For an analysis of the interaction between manipulator and environment and, since this interaction is typically described in the operational space, it is convenient to refer the control schemes to such a space. Then, the dynamic model of the manipulator in Cartesian coordinates (Sciavicco and Siciliano, 2000) can be written as:

(2)

where fa is the actuator force defined at the end effector, H* is the inertia matrix of the manipulator and the centrifugal and Coriolis forces, Q is the friction force vector, g* the gravity force vector; is the position vector in Cartesian coordinates and fm is the interaction force with the environment. This force, for an elastic environment, can be modelled by,

fm = Km (x - xe ) (3)

where Km is the environment's elasticity matrix and xe is the environment's position vector. The dynamic model of Eqn. (2) is defined outside the singular configurations of the robot.

B. Control Strategy

A simplified scheme for the proposed control is shown in Fig. 1.


Figure 1. Control Scheme

The control law involves two feedback loops. One of them is external and generates a modified motion reference by adding a term obtained after filtering the interaction force by the inverse of the transfer function of the desired impedance (Carelli and Postigo, 1992). Besides, the modified reference is obtained for both the velocity and the acceleration. These modified references are applied to the internal loop.

The internal loop follows an inverse dynamics PD motion control law:

(4)

where is the error vector defined as: , and xo = xd xa, with xd the desired trajectory and the reference adjustment vector xa obtained by applying the impedance inverse to the interaction force, by means of the following law:

xa(t)[Ap2 + Bp + k]-1 fm(t) (5)

A, B, K are the matrices for the desired impedance, p=d/dt.

Note that if fm = 0, i.e., no contact with the environment is verified, then xo = xd, thus the manipulator follows the nominal reference.

The vector a in (4) is the resultant of a proportional-derivative controller with non-linear gains, defined by,

(6)

where Kp, Kv are positive definite matrices given by:

(7)

with

(8)

and matrix Kv is given by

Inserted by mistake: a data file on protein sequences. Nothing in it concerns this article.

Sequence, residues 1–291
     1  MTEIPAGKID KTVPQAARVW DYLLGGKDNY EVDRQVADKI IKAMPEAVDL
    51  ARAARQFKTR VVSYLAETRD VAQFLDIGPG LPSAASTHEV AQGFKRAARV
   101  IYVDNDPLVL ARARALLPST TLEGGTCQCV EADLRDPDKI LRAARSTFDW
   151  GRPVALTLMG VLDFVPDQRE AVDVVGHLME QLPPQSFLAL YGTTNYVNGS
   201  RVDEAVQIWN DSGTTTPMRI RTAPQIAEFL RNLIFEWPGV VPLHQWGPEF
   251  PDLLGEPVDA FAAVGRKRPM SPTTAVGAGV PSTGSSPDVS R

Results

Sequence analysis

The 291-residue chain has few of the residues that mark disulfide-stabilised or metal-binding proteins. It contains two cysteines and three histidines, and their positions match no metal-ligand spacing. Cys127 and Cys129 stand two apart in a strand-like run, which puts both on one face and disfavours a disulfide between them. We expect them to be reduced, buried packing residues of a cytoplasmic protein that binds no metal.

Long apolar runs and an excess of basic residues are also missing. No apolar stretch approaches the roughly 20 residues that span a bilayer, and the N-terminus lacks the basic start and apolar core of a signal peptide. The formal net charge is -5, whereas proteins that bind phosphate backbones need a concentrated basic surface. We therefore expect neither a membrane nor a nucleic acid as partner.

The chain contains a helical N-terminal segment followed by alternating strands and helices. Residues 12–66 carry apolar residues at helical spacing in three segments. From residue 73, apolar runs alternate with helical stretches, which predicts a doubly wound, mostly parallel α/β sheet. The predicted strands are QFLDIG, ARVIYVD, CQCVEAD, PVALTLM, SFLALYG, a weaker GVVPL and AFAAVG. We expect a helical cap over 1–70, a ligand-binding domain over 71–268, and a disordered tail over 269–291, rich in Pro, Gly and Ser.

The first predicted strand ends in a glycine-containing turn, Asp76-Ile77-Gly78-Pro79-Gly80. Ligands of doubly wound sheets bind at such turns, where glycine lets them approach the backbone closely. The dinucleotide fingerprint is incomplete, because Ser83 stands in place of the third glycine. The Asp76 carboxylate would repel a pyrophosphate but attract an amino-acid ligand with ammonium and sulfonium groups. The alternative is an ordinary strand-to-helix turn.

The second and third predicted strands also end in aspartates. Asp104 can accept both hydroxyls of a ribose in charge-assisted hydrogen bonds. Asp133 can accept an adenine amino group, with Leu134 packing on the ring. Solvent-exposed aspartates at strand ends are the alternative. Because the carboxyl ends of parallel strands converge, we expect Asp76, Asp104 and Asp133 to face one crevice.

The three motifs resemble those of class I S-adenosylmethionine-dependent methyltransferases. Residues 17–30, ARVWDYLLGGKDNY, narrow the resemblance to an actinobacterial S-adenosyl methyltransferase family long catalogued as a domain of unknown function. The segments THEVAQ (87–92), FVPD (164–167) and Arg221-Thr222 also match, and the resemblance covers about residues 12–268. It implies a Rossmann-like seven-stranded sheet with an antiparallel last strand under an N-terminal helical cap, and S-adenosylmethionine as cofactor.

, (9)

with

(10)

where kpi are constants to be determined in such a way that when the controller will ensure that the robot follows the desired trajectory without saturating the actuators. The constants should be chosen in such a way that when increases, the value of a remains bounded. Thus, the manipulator can follow the trajectory without going beyond the maximum values allowed for the actuators, provided the robot is moving within a region far enough from singularities. Then, to compute it is necessary to know the maximum acceleration amax attainable by the robot, or at least an estimation of this value from simulations. Then, knowing amax and applying limits to Eqn. (6) when it follows that

(11)

where depends on the followed trajectory. By solving the quadratic equation, the positive value of the root is chosen. After the above-mentioned definition of constants kpi, both Kp, Kv are positive definite matrices.

Remark 1: in Eqns. (8) and (10), the tanh non linear function has been used, due to its good properties such as to be bounded between 1 and -1 with unity slope close to 0, continuous and odd. Note that any other function with similar properties could be also used in defining the variable controller gains.

A demonstration below will show that the proposed controller is asymptotically stable. The following lemma will be used

Lemma 1: If is an increasing, odd, continuous function then

. (12)

Proposition 1: Let the dynamic model of a robot be stated by Eqns. (4) and (6), where the elements of the gain matrices of the PD controller are defined by Eqns. (8) and (10). Then, the closed-loop system is asymptotically stable, and it is verified that

(13)

Proof: The closed-loop system obtained by combining the robot model (4) with the control law (6) can be expressed as

(14)

A Lyapunov candidate function is proposed as

(15)

with a positive first term representing the norm of the velocity error vector. The second term can be expressed

(16)

Each of the summation terms is

(17)
(18)